It is now official that all schools are set to reopen fully on January 2021.
This is after several months of shut down since March this year when the first COVID-19 case was reported in the country.
As schools are set to reopen in January next year, it is not only the Children that are being planned on, but also the elderly teachers in our schools.
The TSC chief Executive Nancy Macharia asked the teachers who fall under the high -risk age of 58 and above, who majority are heads of the institutions to work from home.
Nancy Macharia made this announcement at the back of the death of about 13 principals, which most of the deaths have come in the second wave
KNUT secretary general Wilson Sossion added that about 20,000 teacher may be having underlying health conditions.
Data from teachers employer shows that there are some 23,745 primary school heads with 26,950 deputies.
The CS Education George Magoha had this week finally made an announcement that schools will be reopened in January ending the uncertainty that had surrounded the education sector.
While this is good news to many Kenyans especially students, all teachers in the country have received sad news ahead of school reopening in January.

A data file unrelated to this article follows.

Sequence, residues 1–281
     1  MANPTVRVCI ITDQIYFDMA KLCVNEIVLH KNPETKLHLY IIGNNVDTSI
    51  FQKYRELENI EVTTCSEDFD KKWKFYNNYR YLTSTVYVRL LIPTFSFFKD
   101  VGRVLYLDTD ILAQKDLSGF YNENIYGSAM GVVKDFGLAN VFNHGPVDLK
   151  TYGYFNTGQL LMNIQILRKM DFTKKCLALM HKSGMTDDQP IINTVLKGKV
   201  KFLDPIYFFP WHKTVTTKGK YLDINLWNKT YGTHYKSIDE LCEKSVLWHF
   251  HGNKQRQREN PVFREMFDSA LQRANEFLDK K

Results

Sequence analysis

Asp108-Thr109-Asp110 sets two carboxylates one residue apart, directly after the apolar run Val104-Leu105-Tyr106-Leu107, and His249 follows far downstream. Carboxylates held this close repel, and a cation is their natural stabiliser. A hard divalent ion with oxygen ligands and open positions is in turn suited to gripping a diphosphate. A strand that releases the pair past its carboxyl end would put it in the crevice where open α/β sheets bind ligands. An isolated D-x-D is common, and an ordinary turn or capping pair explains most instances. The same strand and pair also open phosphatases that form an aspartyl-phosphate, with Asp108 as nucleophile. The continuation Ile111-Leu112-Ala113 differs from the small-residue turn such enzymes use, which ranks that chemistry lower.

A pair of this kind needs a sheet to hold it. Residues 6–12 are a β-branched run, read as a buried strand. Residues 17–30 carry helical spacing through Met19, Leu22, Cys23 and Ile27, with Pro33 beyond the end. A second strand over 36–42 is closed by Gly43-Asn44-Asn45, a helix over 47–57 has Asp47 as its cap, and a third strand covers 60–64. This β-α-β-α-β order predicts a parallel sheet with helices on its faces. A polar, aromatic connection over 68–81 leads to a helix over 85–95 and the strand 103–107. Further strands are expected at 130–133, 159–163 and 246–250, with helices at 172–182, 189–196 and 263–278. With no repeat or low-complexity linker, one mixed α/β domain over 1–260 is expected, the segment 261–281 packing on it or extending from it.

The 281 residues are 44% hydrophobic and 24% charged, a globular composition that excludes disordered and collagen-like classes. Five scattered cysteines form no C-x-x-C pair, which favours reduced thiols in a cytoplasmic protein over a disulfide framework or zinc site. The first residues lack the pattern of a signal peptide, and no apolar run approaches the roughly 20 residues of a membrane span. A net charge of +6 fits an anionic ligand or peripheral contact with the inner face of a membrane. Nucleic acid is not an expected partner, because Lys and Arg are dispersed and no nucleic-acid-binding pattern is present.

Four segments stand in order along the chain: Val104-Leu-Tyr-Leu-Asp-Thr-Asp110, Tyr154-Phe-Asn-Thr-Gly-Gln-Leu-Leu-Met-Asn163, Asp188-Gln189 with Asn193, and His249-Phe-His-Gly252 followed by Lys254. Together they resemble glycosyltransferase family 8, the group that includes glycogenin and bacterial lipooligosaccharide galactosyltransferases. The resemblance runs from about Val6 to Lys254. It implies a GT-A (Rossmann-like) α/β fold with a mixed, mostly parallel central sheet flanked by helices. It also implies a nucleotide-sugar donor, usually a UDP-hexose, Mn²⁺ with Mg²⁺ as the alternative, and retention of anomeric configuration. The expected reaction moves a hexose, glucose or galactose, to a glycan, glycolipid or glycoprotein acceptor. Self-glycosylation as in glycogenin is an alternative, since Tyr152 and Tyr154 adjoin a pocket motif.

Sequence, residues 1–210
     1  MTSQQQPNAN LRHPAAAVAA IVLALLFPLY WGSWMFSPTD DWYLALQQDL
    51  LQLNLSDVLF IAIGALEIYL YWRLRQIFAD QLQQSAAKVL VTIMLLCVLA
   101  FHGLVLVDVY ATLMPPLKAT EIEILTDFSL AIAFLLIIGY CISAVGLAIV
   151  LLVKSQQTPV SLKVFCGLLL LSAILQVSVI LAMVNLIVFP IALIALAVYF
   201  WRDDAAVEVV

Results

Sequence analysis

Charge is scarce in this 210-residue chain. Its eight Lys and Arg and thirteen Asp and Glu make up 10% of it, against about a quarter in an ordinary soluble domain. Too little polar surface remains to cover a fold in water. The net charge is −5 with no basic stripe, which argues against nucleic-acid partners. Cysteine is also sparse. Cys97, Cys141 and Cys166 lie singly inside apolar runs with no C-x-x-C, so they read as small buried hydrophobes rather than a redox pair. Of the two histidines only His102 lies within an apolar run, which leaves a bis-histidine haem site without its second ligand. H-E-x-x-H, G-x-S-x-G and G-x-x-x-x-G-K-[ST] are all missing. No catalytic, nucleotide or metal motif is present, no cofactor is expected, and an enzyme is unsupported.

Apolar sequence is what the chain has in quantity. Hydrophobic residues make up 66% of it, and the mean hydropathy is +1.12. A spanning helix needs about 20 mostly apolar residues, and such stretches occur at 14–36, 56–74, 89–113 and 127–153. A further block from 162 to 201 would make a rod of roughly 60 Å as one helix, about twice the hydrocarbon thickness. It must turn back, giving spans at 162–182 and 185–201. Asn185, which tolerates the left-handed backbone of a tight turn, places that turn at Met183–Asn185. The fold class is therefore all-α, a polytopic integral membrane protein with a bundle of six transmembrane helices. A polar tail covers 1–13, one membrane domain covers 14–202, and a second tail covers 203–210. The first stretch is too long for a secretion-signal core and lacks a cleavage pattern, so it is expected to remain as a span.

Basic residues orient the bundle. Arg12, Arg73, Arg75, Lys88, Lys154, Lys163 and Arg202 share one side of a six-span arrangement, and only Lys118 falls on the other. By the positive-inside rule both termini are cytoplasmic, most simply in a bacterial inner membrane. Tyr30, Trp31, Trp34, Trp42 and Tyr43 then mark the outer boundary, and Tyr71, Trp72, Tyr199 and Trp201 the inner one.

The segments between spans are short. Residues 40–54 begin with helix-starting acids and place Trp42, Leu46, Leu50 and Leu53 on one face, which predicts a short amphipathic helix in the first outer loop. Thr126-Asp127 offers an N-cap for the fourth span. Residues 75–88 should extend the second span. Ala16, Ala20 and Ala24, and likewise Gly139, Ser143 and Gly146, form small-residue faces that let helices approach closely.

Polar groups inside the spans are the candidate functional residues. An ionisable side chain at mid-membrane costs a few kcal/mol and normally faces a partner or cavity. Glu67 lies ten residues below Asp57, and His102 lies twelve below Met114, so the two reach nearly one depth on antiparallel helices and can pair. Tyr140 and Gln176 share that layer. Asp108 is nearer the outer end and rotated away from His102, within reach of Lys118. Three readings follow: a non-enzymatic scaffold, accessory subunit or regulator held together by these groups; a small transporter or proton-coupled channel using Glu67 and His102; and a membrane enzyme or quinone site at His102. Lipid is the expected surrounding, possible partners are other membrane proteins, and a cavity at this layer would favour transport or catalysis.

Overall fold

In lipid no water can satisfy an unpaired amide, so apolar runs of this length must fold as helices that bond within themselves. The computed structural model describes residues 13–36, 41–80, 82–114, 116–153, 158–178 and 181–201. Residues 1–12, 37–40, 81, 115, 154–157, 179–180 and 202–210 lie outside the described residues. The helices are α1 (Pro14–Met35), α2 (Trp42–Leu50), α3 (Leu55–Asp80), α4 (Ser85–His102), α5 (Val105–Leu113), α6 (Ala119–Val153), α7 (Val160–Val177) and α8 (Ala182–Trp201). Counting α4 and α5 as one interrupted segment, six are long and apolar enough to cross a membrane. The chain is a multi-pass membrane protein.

According to a publication by Daily Nation today, it has now emerged that teachers might have a hard time when they report to school in January.
This is due to the fact that they will be most likely be at a high risk of contracting COVID-19 since they will join the long list of Frontline workers in the country.
Learners who would have been at home for almost nine months will increase the chances of teachers contracting the virus since they would have travelled from different areas some of which are COVID-19 hotspots.
They say that the calendar may result to fatigue to both the students and their teachers as well.
The experts say that the burnout could result to an increase in number is school dropouts, saying burn out is a mental ,physical and emotional.
Dr Emmanuel Manyasa Executive Director of Usawa Agenda, does no agree with this stuffed up calendar,saying it will do little to child development, as the way it is structured it is for syllabus and not growth.
The sentiments that were echoed by John Mugo who is the Chief Executive Director of Zizi Afrique, who said the with the 8-4-4 curriculum, there is a lot of content to cover, and that the students that are slow learners are likely to fall far back as there will be no time for them to catch up due to squeezed time to cover the syllabus.
The fact that holidays are less than the normal one month, both the teachers and students will find it hard to adapt, as holidays are often used as the time to recharge the batteries to push for the next term.